Cybersecurity firm DarkMatter releases its first 2019 threat landscape report
UPDATED Nearly all of businesses located within the United Arab Emirates (UAE) are running outdated software, with economic espionage the primary motivator for hacking campaigns observed throughout the region.
That’s according to a new threat landscape report released by the UAE-based cybersecurity firm DarkMatter, which documents threats facing the Gulf states between October 2018 and March 2019.
Security weaknesses such as outdated or unsupported software affected 91% and 83% of organizations respectively, as unpatched vulnerabilities continue to provide cybercriminals with easy access to a company’s assets.
The report does not say how many organizations were included in the analysis, but that it intends to provide a general overview of the security posture of UAE businesses – one that appears to have become worse since the DarkMatter November 2018 Cyber Security insights report.
This is possibly due to the UAE’s growing prominence as a digital ecosystem – indeed, the region is expected to expand its cybersecurity market to more than $20 billion by 2022.
In Symantec’s 2019 Internet Security Threat Report (PDF), for instance, the UAE ranks in the top 10 of countries experiencing targeted cyber-attacks from unknown threat actors between 2016 and 2018.
“Adequate safeguards are yet to be enforced consistently across the UAE,” DarkMatter says.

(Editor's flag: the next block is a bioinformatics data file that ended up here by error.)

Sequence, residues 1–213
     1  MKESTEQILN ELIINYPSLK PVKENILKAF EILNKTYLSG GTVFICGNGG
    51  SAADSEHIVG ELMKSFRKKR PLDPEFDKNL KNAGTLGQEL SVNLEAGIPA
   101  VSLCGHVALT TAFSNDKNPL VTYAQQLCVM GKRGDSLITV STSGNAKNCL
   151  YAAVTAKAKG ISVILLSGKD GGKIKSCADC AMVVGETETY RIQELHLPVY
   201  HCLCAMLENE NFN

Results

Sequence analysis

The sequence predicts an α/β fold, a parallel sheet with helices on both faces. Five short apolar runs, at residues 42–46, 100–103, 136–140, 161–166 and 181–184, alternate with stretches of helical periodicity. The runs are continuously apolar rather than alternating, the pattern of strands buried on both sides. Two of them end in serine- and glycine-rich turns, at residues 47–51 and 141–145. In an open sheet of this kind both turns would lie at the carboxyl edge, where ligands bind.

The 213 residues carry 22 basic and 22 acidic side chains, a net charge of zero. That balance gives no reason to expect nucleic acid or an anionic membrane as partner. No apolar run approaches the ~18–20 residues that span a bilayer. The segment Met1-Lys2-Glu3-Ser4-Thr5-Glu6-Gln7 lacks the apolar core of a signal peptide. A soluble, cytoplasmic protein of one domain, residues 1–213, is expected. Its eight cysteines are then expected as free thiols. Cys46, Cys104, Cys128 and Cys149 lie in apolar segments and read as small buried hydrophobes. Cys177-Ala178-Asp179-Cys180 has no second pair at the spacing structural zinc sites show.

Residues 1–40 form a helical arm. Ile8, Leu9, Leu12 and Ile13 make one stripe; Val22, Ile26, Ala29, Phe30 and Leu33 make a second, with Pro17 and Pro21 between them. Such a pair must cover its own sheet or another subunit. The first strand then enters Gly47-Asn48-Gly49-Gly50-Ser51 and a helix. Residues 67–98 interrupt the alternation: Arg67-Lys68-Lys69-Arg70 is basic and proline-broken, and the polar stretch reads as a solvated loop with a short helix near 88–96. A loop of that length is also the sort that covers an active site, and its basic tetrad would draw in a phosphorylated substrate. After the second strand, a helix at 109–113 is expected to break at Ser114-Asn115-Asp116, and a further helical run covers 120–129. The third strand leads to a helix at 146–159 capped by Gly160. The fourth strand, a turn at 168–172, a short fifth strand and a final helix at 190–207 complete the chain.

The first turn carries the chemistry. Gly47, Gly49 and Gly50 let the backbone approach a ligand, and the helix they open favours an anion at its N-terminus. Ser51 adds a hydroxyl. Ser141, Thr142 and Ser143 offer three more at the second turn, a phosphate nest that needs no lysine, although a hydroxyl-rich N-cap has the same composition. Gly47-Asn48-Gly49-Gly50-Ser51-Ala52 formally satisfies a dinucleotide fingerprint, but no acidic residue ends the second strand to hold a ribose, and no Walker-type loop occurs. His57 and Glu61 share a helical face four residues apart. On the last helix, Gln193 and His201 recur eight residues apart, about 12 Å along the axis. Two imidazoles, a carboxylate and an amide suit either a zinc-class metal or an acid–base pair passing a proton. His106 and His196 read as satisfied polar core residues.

“Unprepared organizations remain largely exposed due to negligent and disordered systems. Weak passwords, outdated and unsupported software, insecure protocols, and open, unrestricted networks are among the most frequent vulnerabilities.”
64,530 vulnerabilities out of 647,891 public facing hosts in the UAE were rated as ‘critical’ according to the 2019 report, with nearly 49% of these vulnerabilities being exploited due to misconfiguration and poor access control.
Only 1% of incidents that occurred, however, increased from ‘high’ to ‘critical’, the latter defined as causing significant harm to an organization.
Information leaks were the most common vulnerability discovered (45%), followed by data handling (20%), input validation (15%), and buffer errors (5%).
A representative from DarkMatter told The Daily Swig: “Overall, we continue to see increase in number and complexity of attacks.
“A second observation is that organizations lack policies around updating software and patching software, which might expose them to risks.”
The report additionally brings focus on the UAE’s critical infrastructure sectors, where economic espionage and sabotage, administered through denial-of-service attacks (DoS), were the two major factors behind hacking campaigns throughout the country.
DNSpionage is one of the campaigns outlined, known to target government organizations in Lebanon and the UAE through DNS hijacking.
The Telecommunications Regulations Authority (TRA) in the UAE recently reported (non-HTTPS link) a 43.2% decline in cyber-attacks on government infrastructure – thought to be attributed to heightened awareness campaigns.
This article has been updated to include comment from DarkMatter.